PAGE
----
Astronuc
#11
Jan31-13, 07:59 PM
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Quote Quote by Crazymechanic View Post
Hi could you please explain me what happens with the atomic structure and overall material structure of neutron absorber rods used in fission reactors?

As I imagine when they are used they absorb the neutrons that keep the chain reaction going so to stop the chain reaction hence shut the reactor down, but the absorber rod material then while absorbing these neutrons changes it's atomic structure I guess as every other element being bombarded with fast or thermal neutron would , so how long a absorber rod material would last and how does it changes it's structure over time , I guess the explanation should be about the overall tendencies as each reactor type uses a little different material or mix of materials like boron , boric acid , cadmium, hafnium etc.

Thanks.
One has to distinguish between BWR and PWRs, and in PWRs, those designs that use control rods for shutdown only vs those that use grey rods for power shaping and quick power control (grey rods) or reactivity control.

In BWRs, groups of control rods are used intermittently of reactivity control, in addition to using the void distribution. Groups of control rods are swapped periodically to balance the reactivity in the core. After a certain service period, the active control rods are swapped into shudown banks, and those control rods in the shutdown banks are removed from service when they reach their design exposure. BWR control rods use B4C and some Hf in peak flux locations. Boron may be enriched in B-10, and B-10 undergoes an n,α reaction that depletes the B-10. Hf absorbs neutrons, but does not disintegrate like B-10.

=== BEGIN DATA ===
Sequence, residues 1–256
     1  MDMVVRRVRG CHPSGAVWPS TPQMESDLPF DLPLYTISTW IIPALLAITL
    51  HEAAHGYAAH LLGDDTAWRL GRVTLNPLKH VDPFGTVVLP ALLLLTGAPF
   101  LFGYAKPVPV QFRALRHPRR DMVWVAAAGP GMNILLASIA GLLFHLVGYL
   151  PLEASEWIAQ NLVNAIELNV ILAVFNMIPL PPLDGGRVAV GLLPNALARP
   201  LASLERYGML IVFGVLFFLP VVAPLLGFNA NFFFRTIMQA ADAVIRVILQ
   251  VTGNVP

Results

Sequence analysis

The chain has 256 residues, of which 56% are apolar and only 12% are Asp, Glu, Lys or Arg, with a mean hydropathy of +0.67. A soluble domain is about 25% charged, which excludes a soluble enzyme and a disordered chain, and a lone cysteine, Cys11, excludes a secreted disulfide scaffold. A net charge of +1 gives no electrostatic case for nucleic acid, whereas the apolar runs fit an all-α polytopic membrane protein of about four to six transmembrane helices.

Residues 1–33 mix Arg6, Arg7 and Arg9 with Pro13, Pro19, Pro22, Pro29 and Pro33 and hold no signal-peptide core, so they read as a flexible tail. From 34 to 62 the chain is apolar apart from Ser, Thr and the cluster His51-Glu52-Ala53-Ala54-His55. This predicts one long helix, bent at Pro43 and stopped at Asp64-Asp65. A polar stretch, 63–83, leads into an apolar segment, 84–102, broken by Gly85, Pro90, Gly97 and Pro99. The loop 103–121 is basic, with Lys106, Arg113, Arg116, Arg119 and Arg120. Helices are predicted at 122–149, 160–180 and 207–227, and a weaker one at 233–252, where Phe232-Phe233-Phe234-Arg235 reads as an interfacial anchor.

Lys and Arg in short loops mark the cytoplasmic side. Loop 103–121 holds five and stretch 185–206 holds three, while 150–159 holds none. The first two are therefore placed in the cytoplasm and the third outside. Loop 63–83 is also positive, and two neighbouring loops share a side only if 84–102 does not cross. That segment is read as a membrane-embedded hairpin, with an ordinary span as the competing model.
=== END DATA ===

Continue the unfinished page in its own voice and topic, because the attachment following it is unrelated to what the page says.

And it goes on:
http://web.mit.edu/nrl/Training/Absorber/absorber.htm

One has to be careful with Hf, because within the stainless steel structure, it may absorb hydrogen and swell. The structural material is usually high purity (low S, P and other impurities) 304L or 316L.

PWRs usually do not use control rods during operation for reactivity control, but rather the control rods are withdrawn above the core and only used to shutdown the reactor. Some designs use 'grey rods' which contain a reduced absorber content or a Ni-based absorber. These are used for radial and axial power shaping, as well as fine reactivity control for load following. Some new reactor designs do use more advanced grey rods, and at least one new PWR-type design is planning to use control rods for reactivity control to eliminate the need for boric acid (chemical shim). PWRs traditionally use boric acid buffered with LiOH to ensure the pH is within certain limits during the cycle.

PWR control rods use B4C, AIC (Silver (Ag)-Indium (In)-Cadmium (Cd), Hf, or Dy (in form of Dysprosium titanate). Use of B4C and AIC has to take into account the swelling that occurs with exposure. Use of Hf means one has to be concerned with hydrogen absorption. In some cases, B4C may be used with AIC tips.

Both BWR and PWR fuel use gadolinia mixed with the UO2 fuel for control of power peaking in the fuel, and in some PWR fuel, some fuel pellets are coated with ZrB2 instead of using gadolinia. The isotopes Gd-155 and -157 are strong thermal neutron absorbers as compared to Gd-156 and Gd-158.

PWR control rods use 304L or 316L for structural material. Swelling and intergranular stress corrosion cracking are two concerns with respect to performance and lifetime. Austenitic steels are susceptible to swelling.

Neutron irradiation does cause changes to atomic microstructure in metals - mainly dislocations of atoms in the crystal structure. This has the effect of hardening and embrittling the metals. Irradation may sensitize certain alloys, i.e., make them more susceptible to cracking.

Lifetime of PWR control rods is about 15 years.
Crazymechanic
#12
Feb1-13, 12:10 PM
P: 853
Thank you all for answers and very detailed ones.